Vol 47, No 5 (2013)

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Surgical management of posterior petrous meningiomas

Arkadiusz Nowak1, Tomasz Dziedzic1, Andrzej Marchei1
DOI: 10.5114/ninp.2013.38225
Neurol Neurochir Pol 2013;47(5):456-466.


Background and purpose

The aim of the study is to present our experience in the surgical treatment of posterior petrous meningiomas in regard to clinical presentation, surgical anatomy, complications and long-term functional postoperative results.

Material and methods

A series of 48 consecutive patients operated on for posterior petrous meningiomas at the authors’ institution between 2002 and 2011 is reported. The main symptom on first admission was hypoacusis, impairment of the fifth cranial nerve and cerebellar ataxia. The tumour was found to be attached to the premeatal dura in 46%, the inframeatal dura in 29% and the postmeatal dura in 25% of cases. Tumour resection was categorized as grade I in 16 patients, grade II in 29 patients, grade III in 1 patient and grade IV in 2 patients, according to the Simpson classification system. The petrosal approach and retrosigmoid approach were suitable for posterior petrous meningiomas.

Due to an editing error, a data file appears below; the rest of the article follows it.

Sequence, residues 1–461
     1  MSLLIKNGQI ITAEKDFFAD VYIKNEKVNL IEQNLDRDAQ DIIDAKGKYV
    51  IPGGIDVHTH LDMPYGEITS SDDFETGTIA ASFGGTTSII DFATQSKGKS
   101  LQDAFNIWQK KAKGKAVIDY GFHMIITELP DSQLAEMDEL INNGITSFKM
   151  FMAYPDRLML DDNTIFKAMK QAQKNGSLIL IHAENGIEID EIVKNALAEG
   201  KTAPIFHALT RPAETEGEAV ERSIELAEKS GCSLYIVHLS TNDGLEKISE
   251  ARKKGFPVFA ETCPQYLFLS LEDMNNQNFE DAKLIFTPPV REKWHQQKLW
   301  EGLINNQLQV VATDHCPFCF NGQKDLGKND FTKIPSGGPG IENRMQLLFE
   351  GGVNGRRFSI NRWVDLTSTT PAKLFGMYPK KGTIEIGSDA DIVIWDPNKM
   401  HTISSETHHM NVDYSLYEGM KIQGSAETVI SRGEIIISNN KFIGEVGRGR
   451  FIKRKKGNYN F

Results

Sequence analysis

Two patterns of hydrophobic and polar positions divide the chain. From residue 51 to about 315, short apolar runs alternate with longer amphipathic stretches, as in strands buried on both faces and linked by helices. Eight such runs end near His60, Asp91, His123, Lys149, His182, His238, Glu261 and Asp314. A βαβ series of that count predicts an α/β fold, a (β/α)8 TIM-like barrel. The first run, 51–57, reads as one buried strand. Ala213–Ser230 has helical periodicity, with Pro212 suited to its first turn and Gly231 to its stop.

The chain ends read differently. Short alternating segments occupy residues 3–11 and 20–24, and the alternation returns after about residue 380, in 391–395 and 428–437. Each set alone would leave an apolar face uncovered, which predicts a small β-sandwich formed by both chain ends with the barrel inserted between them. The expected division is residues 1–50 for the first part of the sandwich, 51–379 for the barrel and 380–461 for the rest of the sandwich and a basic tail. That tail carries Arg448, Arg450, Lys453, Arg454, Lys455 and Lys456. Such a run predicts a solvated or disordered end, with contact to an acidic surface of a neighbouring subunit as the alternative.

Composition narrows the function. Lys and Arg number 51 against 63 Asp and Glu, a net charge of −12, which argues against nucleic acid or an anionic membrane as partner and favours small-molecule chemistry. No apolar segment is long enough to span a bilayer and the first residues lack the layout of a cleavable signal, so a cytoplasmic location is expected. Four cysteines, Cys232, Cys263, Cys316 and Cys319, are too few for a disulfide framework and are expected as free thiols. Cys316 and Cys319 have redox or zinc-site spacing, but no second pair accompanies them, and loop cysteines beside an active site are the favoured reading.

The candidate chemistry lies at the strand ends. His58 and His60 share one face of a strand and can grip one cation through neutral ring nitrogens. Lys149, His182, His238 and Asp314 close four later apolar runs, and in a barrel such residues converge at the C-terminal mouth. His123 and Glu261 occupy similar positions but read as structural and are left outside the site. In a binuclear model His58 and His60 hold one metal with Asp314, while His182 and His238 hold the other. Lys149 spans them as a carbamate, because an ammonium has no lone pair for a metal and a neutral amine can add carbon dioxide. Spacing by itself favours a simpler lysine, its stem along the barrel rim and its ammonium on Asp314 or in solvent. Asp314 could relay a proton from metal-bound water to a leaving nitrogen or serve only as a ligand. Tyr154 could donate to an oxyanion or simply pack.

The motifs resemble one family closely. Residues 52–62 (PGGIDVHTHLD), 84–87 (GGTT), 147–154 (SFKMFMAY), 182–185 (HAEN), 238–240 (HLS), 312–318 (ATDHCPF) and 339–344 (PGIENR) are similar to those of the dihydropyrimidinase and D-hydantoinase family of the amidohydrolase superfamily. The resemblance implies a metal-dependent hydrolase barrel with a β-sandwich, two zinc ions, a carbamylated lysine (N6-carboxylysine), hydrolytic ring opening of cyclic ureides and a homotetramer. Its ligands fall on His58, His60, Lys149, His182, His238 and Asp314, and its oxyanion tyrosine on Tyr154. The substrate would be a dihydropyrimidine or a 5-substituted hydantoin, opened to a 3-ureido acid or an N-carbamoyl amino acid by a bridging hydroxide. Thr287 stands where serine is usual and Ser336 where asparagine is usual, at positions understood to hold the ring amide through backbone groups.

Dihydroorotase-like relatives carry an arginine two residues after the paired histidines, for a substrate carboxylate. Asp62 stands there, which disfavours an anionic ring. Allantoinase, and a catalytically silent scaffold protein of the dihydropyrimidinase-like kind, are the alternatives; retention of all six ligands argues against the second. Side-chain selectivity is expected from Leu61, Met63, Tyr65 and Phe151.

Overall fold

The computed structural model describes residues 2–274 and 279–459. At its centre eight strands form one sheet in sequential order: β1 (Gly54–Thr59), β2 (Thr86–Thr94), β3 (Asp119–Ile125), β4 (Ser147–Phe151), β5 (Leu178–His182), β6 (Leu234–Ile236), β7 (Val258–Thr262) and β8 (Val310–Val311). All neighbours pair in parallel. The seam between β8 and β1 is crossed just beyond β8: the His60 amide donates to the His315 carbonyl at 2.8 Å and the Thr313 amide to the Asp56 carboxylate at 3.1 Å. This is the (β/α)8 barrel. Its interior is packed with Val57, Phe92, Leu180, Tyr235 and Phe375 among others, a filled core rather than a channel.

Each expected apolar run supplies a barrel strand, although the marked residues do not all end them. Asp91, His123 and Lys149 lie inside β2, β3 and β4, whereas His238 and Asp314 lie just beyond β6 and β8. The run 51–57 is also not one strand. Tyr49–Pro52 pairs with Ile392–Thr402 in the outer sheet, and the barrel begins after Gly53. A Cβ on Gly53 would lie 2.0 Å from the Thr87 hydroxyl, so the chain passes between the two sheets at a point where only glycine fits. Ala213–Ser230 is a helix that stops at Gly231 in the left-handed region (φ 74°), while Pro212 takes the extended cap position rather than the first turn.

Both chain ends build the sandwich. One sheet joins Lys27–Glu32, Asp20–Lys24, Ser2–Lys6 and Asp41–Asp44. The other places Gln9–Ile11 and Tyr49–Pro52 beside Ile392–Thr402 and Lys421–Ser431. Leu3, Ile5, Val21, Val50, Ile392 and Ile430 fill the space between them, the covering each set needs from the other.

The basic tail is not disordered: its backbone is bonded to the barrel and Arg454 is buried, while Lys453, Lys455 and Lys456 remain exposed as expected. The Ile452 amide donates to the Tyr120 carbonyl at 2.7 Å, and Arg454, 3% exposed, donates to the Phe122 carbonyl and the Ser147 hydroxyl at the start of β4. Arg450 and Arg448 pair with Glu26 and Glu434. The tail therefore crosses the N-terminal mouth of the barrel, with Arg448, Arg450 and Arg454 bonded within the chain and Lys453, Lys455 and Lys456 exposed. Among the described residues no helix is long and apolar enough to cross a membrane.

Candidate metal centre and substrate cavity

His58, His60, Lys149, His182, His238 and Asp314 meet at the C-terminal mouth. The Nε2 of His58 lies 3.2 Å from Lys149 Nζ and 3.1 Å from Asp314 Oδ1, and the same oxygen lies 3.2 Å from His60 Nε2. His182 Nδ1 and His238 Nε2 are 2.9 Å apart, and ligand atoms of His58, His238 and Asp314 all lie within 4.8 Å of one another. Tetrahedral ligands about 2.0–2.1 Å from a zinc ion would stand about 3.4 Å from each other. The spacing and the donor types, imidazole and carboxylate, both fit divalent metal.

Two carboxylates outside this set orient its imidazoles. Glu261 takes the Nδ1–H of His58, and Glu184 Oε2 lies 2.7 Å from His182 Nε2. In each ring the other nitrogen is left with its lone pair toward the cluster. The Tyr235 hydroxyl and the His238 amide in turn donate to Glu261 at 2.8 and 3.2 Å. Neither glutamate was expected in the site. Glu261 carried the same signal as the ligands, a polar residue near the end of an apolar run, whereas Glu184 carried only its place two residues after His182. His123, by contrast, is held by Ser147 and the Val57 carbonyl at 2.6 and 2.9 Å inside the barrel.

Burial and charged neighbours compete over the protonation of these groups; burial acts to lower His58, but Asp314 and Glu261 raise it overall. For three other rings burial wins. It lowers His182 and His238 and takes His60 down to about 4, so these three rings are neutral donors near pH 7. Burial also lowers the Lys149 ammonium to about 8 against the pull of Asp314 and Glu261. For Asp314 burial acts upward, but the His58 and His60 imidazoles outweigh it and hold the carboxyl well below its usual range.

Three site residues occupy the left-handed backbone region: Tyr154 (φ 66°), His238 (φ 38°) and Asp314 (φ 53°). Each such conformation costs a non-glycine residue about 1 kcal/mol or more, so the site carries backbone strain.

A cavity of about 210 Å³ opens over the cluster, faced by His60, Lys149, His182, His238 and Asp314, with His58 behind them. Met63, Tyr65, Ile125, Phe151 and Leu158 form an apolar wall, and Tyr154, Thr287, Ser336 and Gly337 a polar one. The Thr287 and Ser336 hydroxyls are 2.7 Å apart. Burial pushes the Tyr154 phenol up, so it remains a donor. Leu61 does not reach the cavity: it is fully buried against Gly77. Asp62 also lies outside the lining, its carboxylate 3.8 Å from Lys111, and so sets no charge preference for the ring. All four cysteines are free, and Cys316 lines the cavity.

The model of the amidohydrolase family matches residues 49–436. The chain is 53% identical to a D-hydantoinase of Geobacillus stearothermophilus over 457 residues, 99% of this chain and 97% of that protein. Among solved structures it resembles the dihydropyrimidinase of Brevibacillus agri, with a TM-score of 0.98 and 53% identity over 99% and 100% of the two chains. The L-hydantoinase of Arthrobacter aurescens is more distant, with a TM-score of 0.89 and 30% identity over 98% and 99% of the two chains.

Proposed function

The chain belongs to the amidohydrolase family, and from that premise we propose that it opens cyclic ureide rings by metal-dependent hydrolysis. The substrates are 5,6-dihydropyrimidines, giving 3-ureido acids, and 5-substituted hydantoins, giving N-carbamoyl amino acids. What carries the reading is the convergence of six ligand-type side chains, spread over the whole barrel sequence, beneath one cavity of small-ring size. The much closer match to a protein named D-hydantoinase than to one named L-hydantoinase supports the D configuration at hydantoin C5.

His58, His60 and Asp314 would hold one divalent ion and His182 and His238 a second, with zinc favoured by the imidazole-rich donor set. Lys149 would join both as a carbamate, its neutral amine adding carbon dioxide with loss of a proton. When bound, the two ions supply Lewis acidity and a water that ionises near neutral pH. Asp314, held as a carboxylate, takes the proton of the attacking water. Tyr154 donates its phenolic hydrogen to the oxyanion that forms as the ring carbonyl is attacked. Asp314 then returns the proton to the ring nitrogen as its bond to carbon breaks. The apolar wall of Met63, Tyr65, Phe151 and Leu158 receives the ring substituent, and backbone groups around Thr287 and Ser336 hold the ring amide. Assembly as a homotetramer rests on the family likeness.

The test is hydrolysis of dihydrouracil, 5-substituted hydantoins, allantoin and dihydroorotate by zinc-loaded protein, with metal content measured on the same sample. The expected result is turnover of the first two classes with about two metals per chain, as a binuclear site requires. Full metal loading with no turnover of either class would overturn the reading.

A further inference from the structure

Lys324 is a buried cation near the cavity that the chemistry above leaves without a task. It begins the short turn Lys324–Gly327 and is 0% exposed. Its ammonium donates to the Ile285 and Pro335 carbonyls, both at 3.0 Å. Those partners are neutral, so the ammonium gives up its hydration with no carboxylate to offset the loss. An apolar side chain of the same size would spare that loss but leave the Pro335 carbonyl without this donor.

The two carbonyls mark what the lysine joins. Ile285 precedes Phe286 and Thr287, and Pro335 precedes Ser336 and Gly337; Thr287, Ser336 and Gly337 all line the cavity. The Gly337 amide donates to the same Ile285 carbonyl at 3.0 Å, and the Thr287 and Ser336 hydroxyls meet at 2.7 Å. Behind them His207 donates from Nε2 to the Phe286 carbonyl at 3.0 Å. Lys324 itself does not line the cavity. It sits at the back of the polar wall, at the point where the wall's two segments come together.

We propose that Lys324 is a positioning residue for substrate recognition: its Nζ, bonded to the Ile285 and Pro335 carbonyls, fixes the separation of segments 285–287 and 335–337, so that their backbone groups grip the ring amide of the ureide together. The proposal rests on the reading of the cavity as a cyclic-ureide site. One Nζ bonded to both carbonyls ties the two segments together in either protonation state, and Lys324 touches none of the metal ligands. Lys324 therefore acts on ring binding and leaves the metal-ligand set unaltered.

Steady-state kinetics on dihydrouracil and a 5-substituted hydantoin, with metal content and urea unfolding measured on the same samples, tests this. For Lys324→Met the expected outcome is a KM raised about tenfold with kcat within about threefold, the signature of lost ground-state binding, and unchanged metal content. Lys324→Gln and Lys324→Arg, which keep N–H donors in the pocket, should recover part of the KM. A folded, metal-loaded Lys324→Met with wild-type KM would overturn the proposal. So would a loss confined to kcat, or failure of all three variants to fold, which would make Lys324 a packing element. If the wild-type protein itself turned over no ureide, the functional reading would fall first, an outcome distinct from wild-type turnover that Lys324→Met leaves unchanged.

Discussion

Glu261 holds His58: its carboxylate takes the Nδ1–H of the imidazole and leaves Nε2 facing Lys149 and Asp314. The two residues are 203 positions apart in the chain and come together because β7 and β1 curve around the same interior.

Postoperative facial nerve dysfunction appeared in 8 and further deteriorated in 2 patients. Hearing function deteriorated after surgery in 8 and improved in 2 cases. Perioperative death occurred in two patients. Tumour recurrence was observed in two patients, and both underwent a second operation and postoperative stereotactic radiotherapy.


Surgical treatment of posterior petrous meningiomas has become increasingly safe but these tumours still remain a surgical challenge because of the relatively high incidence of permanent complications associated with their removal. The site of displacement of the cranial nerves depending on the dural origin of the tumour has the most influence on the related difficulties in its removal.

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Neurologia i Neurochirurgia Polska